The Journey to Enhanced Productivity Requires the Right Tools

The Journey to Productivity Needs the Right Tools

The Journey to Enhanced Productivity Requires the Right Tools

The journey to increasing productivity can be a long one — the road ahead riddled with steep hills, causing even the toughest design engineers to sputter and slow down.

The constant stress of relentless demands for more system productivity will undoubtedly require necessary modifications to be made before reaching new levels.

If you don't have the right design tools to fuel your progress, coupled with the right control system vehicle to get you there, you may get stuck and never reach where you want and need to go.

An integrated systematic design tool can help you on this journey. Integrating more features and functionally into your design environment can help you endure the constant, uphill market demands for increased efficiency and overall productivity for your entire automation system.

Whether running discrete, process, safety or motion applications, an integrated design environment can significantly improve your journey by helping you to reduce your time to market, cost to engineer and overall risk during the design, operate and maintain phases of the system life cycle.

In the past, design was segmented between differing domain experts, such as control, HMI, reporting and asset management systems.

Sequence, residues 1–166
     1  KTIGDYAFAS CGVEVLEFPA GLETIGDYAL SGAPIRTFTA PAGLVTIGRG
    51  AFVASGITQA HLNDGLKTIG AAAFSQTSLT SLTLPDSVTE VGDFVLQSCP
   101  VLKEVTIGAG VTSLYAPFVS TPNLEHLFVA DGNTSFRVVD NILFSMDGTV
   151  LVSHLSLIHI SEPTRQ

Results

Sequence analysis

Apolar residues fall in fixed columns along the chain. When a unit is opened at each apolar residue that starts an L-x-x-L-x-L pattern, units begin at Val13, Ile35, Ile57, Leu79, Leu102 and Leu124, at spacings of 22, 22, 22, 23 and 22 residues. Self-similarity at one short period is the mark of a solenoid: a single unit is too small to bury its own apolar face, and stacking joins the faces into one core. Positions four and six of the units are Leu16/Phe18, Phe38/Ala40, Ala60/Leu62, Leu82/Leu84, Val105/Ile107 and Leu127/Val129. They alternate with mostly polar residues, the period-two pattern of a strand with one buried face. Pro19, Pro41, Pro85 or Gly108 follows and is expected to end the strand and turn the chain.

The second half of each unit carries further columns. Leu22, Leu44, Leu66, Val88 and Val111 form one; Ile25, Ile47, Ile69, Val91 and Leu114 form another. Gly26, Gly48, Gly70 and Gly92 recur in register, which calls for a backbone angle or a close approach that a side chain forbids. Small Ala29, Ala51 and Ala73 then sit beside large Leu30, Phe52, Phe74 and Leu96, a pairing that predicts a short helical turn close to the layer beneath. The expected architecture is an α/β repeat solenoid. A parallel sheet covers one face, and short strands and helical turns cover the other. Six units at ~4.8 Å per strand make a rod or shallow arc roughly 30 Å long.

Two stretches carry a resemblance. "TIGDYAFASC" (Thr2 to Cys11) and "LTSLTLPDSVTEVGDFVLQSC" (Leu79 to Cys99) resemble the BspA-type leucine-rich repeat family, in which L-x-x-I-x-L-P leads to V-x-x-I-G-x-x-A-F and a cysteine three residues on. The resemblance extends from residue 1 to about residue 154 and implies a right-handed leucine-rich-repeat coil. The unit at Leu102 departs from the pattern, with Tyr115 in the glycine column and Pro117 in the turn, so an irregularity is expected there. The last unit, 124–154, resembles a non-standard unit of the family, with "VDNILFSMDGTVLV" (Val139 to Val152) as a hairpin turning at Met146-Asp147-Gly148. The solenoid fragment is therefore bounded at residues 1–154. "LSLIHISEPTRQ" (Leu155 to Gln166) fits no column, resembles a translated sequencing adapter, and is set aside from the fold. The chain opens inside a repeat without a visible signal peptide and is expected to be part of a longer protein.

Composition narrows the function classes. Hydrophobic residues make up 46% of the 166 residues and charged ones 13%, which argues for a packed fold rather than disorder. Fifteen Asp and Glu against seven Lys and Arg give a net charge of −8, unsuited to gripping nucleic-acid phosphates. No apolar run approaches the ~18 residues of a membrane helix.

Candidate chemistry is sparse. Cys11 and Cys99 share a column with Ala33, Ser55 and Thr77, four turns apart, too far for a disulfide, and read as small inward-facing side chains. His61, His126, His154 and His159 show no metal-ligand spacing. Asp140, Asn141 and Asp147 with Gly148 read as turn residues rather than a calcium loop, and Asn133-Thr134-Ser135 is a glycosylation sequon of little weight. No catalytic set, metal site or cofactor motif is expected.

But automation systems of the future are requiring all of these disciplines to work together in a more collaborative environment, and in some instances, are requiring one individual to be the domain expert for all. Our vision has been to meet these evolving needs with an integrated design environment called Studio 5000.

To make that vision a reality, we first asked, “What are the guiding principles we need to follow to create a true integrated design environment that offers maximum value to our customers?”

The following eight tenets became the guiding principles that have provided us the roadmap to help you achieve your productivity goals:

  1. System Organization provides logical and intuitive association of your application to machine/process.
  2. Modular Automation leverages modular components to better break down complex problems into smaller, reusable segments of content.
  3. Library Management delivers workflows to more efficiently manage reusable content.
  4. Actionable Information contextualizes information for the right user at the right time.
  5. System Security and Intellectual Property Management helps protect intellectual property and helps ensure secured system access.
  6. Device Management drives consistent device configuration and maintenance across the entire automation system.
  7. Collaborative Engineering enables seamless collaboration and data exchange for streamlined development.
  8. Virtual Design Engineering focuses on reducing total and late cycle hidden costs with enhancements in emulation and simulation.

Remember, this is a cross-country journey — not just a trip across town.

We know we're not all the way there yet, but we are fueling your progress with the right design tools.

This can make your journey a whole lot smoother and efficient with new integrated features, functions and workflows to keep you well-positioned and in the driver's seat.

Mike Brimmer
Posted April 27, 2015 By Mike Brimmer, Product Manager, Rockwell Automation
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